Dialogue with the Alter Ego on the artistic challenge of contemporary writers
“Well, I said to Gambetti in front of the Hotel Hassler, if we are totally honest, the state of general stupidity is already so advanced that there is no going back on it. Ever since the invention of photography, that is, with the beginning of this brain annihilation process more than a hundred years ago, the intellectual capacity of the world’s population continues to decline. The photographic pictures, I said to Gambetti, have initiated this global process of stultification, and it has taken on a deadly speed for mankind at the moment when these photographic pictures became motion pictures. For decades now mankind is doing nothing else but stupidly watch these deadly photographic images and is paralyzed by them. At the turn of the millennium, mankind will have reached a point where thinking and reflection is effectively no longer possible, Gambetti and the process of disseminating stupidity, which has been set in motion by photography and has become a worldwide habit through the motion pictures, will be at its peak. In such a world, which is then dominated by stupidity, it will be quite impossible to exist, Gambetti, I said to him, standing at the open grave, and it would be good if we kill ourselves before this brain eradication process of the world is complete. (…) My advice to the thinking person can only be to kill yourself before the turn of the millennium, Gambetti, that is truly my conviction, I said to Gambetti, standing at the open grave.”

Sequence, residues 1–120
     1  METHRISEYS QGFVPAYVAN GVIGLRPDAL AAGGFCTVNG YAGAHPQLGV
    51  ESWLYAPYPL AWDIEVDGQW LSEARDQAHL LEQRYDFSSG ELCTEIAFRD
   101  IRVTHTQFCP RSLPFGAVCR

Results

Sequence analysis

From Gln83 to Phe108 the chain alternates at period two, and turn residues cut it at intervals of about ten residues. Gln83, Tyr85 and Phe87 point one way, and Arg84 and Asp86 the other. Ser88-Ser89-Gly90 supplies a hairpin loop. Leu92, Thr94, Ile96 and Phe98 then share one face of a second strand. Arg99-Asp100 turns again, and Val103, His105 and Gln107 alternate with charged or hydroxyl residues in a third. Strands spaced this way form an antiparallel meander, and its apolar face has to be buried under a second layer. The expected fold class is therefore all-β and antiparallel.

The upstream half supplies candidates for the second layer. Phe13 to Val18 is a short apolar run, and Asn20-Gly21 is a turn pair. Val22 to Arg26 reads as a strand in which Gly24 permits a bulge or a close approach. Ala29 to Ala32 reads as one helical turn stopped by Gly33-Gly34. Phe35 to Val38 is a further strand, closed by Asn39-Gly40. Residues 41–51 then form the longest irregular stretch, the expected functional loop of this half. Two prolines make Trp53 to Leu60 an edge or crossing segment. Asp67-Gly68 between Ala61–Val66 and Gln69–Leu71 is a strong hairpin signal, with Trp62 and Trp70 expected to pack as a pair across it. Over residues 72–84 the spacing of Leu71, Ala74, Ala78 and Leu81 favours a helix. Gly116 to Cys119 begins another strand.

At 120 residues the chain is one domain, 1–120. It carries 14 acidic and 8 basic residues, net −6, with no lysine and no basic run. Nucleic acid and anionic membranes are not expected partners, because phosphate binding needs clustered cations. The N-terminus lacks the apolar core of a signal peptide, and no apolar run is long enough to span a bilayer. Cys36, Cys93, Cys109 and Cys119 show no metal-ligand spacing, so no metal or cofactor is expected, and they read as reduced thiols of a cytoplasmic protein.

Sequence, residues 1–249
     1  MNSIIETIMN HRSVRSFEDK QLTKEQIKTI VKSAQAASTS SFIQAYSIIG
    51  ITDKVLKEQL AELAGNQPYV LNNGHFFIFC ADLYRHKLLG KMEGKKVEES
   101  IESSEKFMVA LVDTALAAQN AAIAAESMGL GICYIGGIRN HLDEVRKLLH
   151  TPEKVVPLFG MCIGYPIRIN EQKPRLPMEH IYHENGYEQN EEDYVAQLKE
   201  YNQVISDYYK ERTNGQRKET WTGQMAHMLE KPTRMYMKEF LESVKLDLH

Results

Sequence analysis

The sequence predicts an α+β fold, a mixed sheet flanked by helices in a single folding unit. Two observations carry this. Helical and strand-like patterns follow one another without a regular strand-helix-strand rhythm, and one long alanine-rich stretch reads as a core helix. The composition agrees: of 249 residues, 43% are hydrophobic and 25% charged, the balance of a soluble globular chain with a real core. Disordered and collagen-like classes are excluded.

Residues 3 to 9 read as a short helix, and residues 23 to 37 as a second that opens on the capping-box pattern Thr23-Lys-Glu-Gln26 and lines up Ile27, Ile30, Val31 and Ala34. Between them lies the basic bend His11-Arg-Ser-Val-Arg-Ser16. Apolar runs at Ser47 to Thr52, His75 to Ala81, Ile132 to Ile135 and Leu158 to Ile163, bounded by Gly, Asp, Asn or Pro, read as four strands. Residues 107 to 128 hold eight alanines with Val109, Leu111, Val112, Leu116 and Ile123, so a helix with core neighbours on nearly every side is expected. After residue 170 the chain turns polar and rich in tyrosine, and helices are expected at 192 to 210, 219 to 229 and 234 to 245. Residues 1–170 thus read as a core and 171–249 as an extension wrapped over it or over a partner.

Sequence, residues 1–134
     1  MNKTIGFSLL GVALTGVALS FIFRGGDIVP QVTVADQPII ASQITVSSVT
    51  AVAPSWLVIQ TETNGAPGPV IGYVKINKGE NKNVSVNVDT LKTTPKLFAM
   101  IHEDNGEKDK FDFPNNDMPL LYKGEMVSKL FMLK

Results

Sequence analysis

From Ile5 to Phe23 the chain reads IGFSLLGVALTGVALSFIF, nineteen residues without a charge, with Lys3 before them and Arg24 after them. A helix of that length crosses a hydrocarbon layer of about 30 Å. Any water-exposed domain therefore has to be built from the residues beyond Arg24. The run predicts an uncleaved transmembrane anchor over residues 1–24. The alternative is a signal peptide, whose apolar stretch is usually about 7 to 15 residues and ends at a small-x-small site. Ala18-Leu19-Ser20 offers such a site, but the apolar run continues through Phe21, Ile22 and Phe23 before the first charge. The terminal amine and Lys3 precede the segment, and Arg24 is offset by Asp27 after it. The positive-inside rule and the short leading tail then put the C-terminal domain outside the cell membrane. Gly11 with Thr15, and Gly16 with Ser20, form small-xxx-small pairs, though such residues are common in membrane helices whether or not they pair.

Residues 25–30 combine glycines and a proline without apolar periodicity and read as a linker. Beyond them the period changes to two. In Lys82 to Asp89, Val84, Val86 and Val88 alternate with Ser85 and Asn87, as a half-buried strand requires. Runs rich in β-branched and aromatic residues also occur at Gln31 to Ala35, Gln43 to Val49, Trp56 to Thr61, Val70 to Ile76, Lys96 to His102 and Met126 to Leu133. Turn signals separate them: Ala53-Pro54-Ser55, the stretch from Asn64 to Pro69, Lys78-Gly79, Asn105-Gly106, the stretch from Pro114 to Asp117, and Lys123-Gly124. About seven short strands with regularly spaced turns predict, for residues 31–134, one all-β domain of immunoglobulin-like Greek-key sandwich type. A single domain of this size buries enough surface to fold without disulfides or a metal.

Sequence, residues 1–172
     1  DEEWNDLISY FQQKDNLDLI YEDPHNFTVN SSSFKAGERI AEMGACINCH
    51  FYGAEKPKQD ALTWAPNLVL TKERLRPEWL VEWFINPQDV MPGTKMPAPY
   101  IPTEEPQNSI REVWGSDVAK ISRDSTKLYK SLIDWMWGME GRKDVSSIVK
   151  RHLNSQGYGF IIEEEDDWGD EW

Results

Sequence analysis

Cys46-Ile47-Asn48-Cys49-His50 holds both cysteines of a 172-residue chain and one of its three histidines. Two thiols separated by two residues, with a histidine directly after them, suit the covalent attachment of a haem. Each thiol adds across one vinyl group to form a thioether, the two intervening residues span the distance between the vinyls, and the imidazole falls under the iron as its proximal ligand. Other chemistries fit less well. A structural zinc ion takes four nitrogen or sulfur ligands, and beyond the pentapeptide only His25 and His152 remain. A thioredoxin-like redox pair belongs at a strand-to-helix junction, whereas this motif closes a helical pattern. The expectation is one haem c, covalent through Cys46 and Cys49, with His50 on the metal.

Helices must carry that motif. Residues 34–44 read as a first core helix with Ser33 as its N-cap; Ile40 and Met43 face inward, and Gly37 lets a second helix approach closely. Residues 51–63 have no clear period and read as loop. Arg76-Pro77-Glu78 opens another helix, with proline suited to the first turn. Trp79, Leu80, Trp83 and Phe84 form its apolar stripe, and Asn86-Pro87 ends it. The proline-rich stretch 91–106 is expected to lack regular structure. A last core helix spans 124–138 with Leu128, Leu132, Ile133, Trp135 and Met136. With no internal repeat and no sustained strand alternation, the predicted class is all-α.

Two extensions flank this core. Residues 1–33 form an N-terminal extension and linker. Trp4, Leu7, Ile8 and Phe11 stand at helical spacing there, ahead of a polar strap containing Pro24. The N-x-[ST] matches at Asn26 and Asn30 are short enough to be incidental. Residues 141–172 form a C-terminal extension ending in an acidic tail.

Excerpt from Thomas Bernhard: Extinction (Text reference: Thomas Bernhard, Auslöschung, Frankfurt/Germany, 1986, page 645f). Translation provided by Noah denkt™; original text in German see footnote*. In the excerpt it is the fictitious narrator Franz-Josef Murau who tells us about a conversation he had with his student Gambetti. You should note that “Extinction” was published before the internet became a household item in Europe. Franz-Josef Murau, the fictitious narrator, by the way died in 1983 at the age of 49. It is unclear whether he died of a natural cause but we think he did.